Compliance officers see to business activities to ensure that all operations and procedures are in compliance with laws, employment regulations, and contract terms.
You use your legal knowledge to review and understand all laws that are relevant to the business.
You may also be responsible for drafting internal employee policies and employment.
At some point, you’ll also be drafting vendor contracts that are legally binding documents and need a strong understanding of legal terminology.
#6. Victim advocate
You have to provide support to victims of domestic violence, human rights violations, and abuse to help them emotionally, financially, and legally.
More so, you need to be familiar with resources that help with housing, counseling, finding employment, and filing legal claims.
You must also have a strong understanding of the law and can identify offenders, who violate equal employment opportunities.
#7. Human resources representative
As a Human resources representative, you must ensure the ethical and legal treatment of all employees.
In addition, you must understand laws regarding minimum wage, working hours, employee treatment, and benefits compensation as well as ensuring businesses are compliant.
Your duties revolve around personnel issues, hiring, and terminating employees.
However, a strong knowledge of legal rights and employment law is beneficial for you as a human resources representative.
#8. Special Agent
Do you find yourself thinking of what you can do with a pre-law degree?”
Have you thought of working as a Special agent?
Your duty includes investigating a range of federal crimes, such as cybercrime, drug trafficking, human trafficking, fraud, abductions, and financial crimes.
You are responsible for enforcing federal laws and statutes, resolving national security issues, investigating possible threats, and protecting the nation’s borders.
Meanwhile, a strong knowledge of federal laws and criminal justice procedures is crucial for special agents to efficiently do their job.
#9. Legislative assistant
With your prelaw degree, you can work Legislative assistants who work with senators and representatives at the federal and state level to analyze proposed legislation.
You have to carefully review the language of the proposal, research its consequence on their constituents and provide advice to political officials.
Furthermore, you must use legal knowledge to understand bills and draft new proposals for their political representative.
#10. Legal Secretary
As a Legal Secretary, you oversee administrative tasks for lawyers such as preparing subpoenas and motions, scheduling appointments, and helping paralegals with research.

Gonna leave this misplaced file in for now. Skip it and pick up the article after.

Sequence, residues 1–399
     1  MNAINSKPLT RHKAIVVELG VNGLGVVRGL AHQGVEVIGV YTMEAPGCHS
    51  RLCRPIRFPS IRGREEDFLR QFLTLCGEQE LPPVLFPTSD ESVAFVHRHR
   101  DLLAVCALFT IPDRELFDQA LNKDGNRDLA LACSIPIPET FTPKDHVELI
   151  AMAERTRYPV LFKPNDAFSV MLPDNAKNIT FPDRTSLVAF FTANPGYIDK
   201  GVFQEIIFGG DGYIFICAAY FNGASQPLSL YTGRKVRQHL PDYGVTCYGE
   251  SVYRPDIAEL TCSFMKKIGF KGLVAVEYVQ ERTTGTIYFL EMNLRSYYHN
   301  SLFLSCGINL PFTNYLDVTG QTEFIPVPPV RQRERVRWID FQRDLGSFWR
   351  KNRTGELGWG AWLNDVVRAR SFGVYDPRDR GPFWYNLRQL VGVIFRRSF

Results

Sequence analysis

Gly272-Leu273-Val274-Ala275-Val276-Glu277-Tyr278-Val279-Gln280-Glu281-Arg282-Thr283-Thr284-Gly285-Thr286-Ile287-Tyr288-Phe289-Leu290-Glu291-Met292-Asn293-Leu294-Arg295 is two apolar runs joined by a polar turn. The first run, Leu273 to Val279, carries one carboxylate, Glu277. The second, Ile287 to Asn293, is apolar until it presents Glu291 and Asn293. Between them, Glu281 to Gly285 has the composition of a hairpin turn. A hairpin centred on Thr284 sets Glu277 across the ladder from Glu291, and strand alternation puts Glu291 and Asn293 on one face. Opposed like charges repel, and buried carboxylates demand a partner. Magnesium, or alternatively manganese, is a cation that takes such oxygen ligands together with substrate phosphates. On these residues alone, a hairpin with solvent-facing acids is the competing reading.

You are also responsible for handling and filing sensitive legal documents.
You must also ensure the chain of command is maintained and all documents are filed correctly to avoid loss, damage, or outside tampering.
#11. Law Enforcement Officer
Last but not least to answer your question “what can you do with a pre-law degree” is to work as a Law enforcement officer.
Your duties are to patrol communities, investigate criminal activity, and arrest individuals who may have broken the law.
However, you must have strong knowledge of criminal law to identify people who are committing a crime and how to legally apprehend the offender.
You must also write detailed reports for every incident and arrest those who are involved.
However, an understanding of legal terminology can help them write accurate reports that a prosecuting attorney can clearly reference to prosecute the offender.
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Conclusion in “what can you do with a pre-law degree?”
Pre-law degrees are meant to prepare you for your career in the law industry.
However, there are some jobs you can use with your degree in pre-law, and believe me, you will earn enough to take care of your family.
To do some of these jobs, you must have an analytical vision and be able to adapt on the fly.
Your legal knowledge in the pre-law coursework can help you secure jobs like paralegal, attorney, special agent, law enforcement officers, and many more.
We hope this article has helped solve the riddle behind “what can you do with a pre-law degree?”